But both countries are lining up their allies in space. The Artemis Accords, an effort led by NASA and seven other nations to outline rules for future space exploration, have already succeeded in cementing Washington’s ties with some of its strongest partners and others that are more tenuous.
Thirty-two countries have signed onto the accords. They include India, which has long avoided space partnerships with other countries, and recently became the fourth country to land on the moon; Argentina, which maintains friendly relations with China; and Saudi Arabia, which signed the accords amid its dispute with the U.S. last summer over the murder of Washington Post journalist Jamal Khashoggi.
In October, Beijing secured two more partnerships for its own space program, which aims to build a research station on the moon in the 2030s. Countries that have signed on include Belarus, Pakistan, Russia, South Africa, Venezuela and Azerbaijan — none of which are particularly aligned with the U.S.
“We’re only just now recognizing that what is happening in China is really, really contrary to the interests of pretty much everyone else,” said Tory Bruno, CEO of aerospace giant United Launch Alliance, which is made up of defense contractors Lockheed Martin and Boeing. “And therefore we’ve got to do something about it.”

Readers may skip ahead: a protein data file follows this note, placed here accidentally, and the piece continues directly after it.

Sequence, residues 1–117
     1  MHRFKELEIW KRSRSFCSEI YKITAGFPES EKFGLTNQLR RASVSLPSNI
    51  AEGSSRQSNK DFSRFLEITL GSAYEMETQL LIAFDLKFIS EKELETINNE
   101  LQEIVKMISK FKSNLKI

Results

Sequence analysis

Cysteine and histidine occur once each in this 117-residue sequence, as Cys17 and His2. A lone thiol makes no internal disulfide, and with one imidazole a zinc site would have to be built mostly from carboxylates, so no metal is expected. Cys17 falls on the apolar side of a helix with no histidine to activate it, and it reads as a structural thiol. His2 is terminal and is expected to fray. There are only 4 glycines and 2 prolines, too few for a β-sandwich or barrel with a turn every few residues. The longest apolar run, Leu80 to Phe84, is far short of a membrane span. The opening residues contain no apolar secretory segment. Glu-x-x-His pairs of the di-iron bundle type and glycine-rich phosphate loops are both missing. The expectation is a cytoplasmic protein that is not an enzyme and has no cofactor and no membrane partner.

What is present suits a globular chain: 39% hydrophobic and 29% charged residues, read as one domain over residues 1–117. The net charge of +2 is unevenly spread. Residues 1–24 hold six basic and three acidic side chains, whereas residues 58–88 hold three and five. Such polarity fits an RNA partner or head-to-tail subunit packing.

Is it a space race?
While there’s certainly a competition, not everyone believes that “space race” — Nelson’s preferred phrase — is the best framing of the issue. Several experts POLITICO spoke with are openly opposed to it.
“I find it frustrating because it makes a complicated relationship even more complicated,” said Victoria Samson, the Washington office director for the Secure World Foundation, a nonpartisan think tank focused on the peaceful use of outer space, adding that it “unnecessarily makes it an antagonistic approach toward how we evolve our use of space.”